"'Tis set down so in heaven, but not in earth" : political theology in measure for measure
Goossen, Jonathan T
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One of Measure for Measure’s central concerns is the changing shape of political theology in Shakespeare’s England. From its origin until the high middle ages, Christian thought had described the work of the church (the care of souls) and that of the state (the maintenance of the common good) as complementary but essentially different tasks. This division implicitly separated and held in tension the private spiritual obligations of the individual Christian and the public duty of the Christian ruler. This understanding fell under fire in the late middle ages, however, first from the papacy and then from Protestant reformers.Shakespeare’s Lord Angelo is often linked with this latter group’s Puritan faction in England, which was known for its demand that the state enforce private Christian virtue (primarily sexual) as public law. The Duke Vincentio has frequently been described as representative of the more moderate Reformed political thought of Elizabeth I and James I. This thesis argues that in both assuming the disguise of a priest and insisting that a magistrate’s judgments are only valid if he is himself innocent of the condemned’s crime, the Duke shares Angelo’s and thus the Puritans’ rejection of the traditional division between the private and public obligations of a Christian ruler. Act V particularly reveals both the similarities between Angelo and the Duke and the fundamental problems of their approach to law. In the end, Isabella is not simply the student of the Duke’s political theology but rather the exemplar of how the traditional distinction between the roles of church and state and an individual’s private and public moral obligations better defends both personal freedom and the common good.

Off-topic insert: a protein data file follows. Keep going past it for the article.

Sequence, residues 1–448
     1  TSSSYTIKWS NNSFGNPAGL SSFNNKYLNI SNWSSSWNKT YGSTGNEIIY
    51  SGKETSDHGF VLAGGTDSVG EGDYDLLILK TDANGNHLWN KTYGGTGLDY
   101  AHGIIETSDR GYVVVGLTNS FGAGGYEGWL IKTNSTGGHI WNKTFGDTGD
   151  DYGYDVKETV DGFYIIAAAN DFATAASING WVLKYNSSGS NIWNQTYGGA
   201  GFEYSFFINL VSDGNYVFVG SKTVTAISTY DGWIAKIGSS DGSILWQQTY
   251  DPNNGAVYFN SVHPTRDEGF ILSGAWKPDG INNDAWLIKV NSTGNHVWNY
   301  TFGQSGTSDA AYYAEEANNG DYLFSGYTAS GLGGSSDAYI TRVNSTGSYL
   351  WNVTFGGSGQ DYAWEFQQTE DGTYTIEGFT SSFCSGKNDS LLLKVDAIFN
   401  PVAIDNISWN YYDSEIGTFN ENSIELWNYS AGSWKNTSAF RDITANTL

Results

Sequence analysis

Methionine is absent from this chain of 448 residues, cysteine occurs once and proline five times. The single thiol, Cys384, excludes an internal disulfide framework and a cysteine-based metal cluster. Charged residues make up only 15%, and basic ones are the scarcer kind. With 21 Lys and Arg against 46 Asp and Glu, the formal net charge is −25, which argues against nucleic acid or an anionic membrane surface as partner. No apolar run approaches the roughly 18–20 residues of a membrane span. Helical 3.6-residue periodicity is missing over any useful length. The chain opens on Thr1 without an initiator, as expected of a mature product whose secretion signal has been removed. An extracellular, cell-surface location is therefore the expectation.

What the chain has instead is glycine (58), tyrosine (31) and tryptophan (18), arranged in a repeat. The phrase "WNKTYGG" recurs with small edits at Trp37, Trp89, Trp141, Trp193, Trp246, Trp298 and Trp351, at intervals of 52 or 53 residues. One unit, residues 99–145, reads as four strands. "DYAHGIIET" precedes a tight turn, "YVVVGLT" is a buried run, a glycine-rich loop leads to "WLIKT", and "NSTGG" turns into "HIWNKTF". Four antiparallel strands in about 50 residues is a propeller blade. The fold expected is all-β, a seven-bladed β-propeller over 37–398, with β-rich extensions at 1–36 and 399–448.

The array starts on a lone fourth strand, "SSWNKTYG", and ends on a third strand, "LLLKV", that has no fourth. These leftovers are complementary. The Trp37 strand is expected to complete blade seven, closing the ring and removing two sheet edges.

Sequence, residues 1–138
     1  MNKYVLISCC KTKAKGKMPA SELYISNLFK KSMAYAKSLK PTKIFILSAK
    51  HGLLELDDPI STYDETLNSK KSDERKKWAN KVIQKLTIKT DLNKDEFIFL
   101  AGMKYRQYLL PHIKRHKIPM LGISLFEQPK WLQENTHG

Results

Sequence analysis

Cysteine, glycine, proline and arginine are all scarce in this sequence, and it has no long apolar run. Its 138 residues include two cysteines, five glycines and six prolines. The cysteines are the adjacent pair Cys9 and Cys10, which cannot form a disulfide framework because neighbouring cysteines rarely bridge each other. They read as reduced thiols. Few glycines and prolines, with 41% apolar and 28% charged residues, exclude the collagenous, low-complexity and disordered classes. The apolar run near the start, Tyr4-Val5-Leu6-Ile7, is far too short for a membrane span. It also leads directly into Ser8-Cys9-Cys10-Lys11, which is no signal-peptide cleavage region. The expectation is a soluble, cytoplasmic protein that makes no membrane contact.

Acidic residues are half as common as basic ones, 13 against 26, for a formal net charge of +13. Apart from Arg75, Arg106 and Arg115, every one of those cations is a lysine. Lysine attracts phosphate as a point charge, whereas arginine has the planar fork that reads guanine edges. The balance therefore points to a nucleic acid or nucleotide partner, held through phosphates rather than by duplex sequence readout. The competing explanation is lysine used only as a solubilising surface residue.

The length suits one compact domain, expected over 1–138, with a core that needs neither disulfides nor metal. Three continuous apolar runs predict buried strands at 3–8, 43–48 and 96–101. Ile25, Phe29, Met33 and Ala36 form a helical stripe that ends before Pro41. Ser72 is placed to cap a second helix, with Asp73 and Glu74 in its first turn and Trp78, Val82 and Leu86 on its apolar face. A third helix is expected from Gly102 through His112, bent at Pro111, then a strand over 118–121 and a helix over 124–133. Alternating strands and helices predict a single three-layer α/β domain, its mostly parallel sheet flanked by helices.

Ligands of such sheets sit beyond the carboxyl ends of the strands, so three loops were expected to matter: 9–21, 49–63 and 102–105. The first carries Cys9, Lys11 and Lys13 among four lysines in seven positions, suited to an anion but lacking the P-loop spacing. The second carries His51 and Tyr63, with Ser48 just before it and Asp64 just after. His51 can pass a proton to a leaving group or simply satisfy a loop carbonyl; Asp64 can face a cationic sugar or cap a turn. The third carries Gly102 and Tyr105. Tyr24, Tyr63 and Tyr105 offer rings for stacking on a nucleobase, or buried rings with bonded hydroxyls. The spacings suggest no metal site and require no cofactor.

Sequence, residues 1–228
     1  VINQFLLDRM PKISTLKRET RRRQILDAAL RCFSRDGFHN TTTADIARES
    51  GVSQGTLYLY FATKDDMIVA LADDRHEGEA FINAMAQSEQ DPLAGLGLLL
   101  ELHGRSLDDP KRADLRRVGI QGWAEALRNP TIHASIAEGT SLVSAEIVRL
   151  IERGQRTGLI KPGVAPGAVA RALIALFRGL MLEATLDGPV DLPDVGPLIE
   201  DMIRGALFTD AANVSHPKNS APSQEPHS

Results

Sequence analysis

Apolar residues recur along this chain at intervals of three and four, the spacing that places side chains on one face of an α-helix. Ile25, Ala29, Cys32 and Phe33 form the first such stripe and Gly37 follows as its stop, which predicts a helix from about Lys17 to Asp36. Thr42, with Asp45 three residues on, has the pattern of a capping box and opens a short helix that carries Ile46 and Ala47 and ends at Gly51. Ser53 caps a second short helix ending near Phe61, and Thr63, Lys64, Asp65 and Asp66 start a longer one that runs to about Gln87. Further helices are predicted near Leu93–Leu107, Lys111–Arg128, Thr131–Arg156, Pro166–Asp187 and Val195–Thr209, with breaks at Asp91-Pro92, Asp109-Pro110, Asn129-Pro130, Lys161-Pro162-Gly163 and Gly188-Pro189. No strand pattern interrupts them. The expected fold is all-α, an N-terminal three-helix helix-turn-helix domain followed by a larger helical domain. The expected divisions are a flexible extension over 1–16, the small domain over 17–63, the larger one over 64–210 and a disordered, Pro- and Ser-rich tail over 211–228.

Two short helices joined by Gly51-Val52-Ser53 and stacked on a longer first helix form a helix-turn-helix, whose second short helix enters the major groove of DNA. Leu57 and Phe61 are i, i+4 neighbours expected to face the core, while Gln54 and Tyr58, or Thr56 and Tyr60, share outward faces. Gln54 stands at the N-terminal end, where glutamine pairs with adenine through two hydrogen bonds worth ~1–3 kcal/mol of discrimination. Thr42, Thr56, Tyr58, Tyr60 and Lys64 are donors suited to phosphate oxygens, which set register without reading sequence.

DegreeMaster of Arts (M.A.)
CommitteeStephanson, Raymond A.; Findlay, Leonard M. (Len); Calder, Robert L.
Copyright DateJuly 2006